The popular reality shows are often disturbing to watch, says Jennifer Pozner, author of “Reality Bites Back: The Troubling Truth about Guilty Pleasure TV.” She blasts their portrayal of women and minorities, citing as one example a recent lawsuit against ABC for racial discrimination in “The Bachelor” and “The Bachelorette.” Moreover, Pozner says the franchise is built around the premise that single women are pathetic losers who can never have happy or fulfilled lives without a man.

Pozner says another reality program, VH1’s “Flavor of Love,” revived minstrel-show stereotypes for contemporary audiences by portraying women of color as hypersexual, ignorant and violent divas, and men of color as jesters who exist to be mocked. Such shows are “dangerous in that they pretend to be reflecting reality, when instead they depict highly edited and intentionally regressive narratives that prop up certain ideologies — for example, that women have no value beyond their appearance, or that people of color are minstrels or thugs,” she contends.

She points to a 2011 survey by the Girl Scouts of the USA that found that girls who view reality television regularly are more focused on physical appearance, more prone to lying and more likely to expect a higher level of drama, aggression and bullying in their own lives than girls who don’t watch reality television.

“Reality shows are de facto scripted programming,” Shister says. “People are put into made-up situations guaranteed to create conflict, and those scenes are edited to create maximum drama — the more fights, the better; the more screams, the better.”

Kauffman, currently serving as executive producer on a film titled “Hava Nagila (The Movie),” believes some reality television encourages bad behavior. “When you have a [scripted] show about bad behavior, people know what’s fictional and nonfictional,” she says. “When you have a reality show, we’re saying, ‘This is how people really behave, and somehow it’s OK because they’re famous and they’re on television.’”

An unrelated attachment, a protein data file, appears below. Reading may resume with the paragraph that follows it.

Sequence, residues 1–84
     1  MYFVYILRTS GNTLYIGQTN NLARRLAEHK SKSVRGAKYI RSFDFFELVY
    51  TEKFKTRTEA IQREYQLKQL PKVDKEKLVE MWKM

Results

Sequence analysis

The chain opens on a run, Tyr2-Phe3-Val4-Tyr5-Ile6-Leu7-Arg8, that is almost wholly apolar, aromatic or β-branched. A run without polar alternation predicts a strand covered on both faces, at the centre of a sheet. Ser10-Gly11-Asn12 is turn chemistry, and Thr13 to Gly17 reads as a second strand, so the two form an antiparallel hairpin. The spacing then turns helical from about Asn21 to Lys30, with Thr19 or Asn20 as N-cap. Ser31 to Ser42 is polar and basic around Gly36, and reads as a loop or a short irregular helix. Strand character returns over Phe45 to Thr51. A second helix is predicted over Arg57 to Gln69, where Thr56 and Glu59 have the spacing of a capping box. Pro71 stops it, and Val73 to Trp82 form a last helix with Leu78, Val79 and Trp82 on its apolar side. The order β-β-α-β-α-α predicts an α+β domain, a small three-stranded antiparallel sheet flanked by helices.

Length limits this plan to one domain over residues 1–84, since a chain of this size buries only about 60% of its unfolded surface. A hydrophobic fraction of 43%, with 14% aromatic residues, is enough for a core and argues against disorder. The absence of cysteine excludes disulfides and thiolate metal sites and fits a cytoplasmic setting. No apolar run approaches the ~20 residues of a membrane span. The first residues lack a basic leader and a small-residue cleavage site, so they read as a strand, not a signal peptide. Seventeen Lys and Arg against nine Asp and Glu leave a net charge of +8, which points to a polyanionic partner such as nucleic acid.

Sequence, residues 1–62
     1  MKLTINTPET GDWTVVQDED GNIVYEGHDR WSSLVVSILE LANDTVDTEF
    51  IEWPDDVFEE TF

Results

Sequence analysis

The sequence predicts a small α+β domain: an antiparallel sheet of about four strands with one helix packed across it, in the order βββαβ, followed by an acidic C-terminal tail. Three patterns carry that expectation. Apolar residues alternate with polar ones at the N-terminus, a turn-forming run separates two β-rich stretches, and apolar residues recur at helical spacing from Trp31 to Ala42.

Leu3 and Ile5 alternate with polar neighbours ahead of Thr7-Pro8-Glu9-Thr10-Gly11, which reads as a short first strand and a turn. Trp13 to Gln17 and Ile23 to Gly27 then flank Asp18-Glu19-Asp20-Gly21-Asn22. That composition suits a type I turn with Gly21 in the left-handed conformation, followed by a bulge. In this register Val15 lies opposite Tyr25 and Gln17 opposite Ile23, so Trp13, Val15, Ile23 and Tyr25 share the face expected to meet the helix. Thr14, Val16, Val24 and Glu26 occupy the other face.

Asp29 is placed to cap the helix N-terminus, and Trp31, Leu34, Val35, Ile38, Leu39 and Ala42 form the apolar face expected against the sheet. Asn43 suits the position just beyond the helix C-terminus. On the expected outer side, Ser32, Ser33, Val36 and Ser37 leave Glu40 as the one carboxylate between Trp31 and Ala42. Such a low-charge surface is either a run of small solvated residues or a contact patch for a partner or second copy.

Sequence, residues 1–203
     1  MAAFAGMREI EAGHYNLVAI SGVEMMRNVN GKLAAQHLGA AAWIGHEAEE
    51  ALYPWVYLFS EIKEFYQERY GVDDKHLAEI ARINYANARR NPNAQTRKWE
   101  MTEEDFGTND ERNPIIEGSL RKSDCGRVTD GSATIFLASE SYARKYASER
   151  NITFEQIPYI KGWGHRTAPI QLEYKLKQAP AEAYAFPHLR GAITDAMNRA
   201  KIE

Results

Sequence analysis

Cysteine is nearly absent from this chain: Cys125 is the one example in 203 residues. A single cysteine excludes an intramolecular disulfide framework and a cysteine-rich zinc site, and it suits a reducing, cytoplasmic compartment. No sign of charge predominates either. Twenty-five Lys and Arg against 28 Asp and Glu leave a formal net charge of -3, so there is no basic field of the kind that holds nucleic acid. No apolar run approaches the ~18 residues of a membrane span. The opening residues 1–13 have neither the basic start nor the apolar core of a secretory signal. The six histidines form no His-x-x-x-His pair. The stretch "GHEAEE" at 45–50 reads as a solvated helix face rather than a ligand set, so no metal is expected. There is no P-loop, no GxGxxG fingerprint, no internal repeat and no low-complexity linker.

Cohen and Sharenow concede that programmers sometimes manipulate sound bites and edit footage in a way to create drama where none existed. But Sharenow, who moved to Lifetime last year after helping A&E cultivate top reality shows, says that a show like “Intervention” — where family members step in to try to compel drug addicts to get help — cannot be molded.

“These are shows you can’t manipulate,” Sharenow says. “The stakes are so high.”

A&E’s Cohen cites a recent season of “Gene Simmons: Family Jewels,” which follows the legendary KISS rocker as he mulls over his longtime girlfriend’s ultimatum: marry or split up. People at work would ask Cohen whether a wedding was in the offing. “I had to tell my colleagues over and over again, ‘I don’t know if this is going to happen. This is a real guy. This is a real woman,’” he says, adding that A&E’s brand hinges on authenticity.

Still, authenticity is often in short supply on reality TV. Gorging for more than a decade now on hefty helpings of outrageousness, oddity and ostracism, TV viewers are not sated but desensitized, says Shister.

“The audience is getting so inured to the level of drama and outrageousness that the bar keeps getting higher,” she says. “Viewers need ever greater stimulation to get the same effect.”

Alex Bloom is a freelance writer in Boston.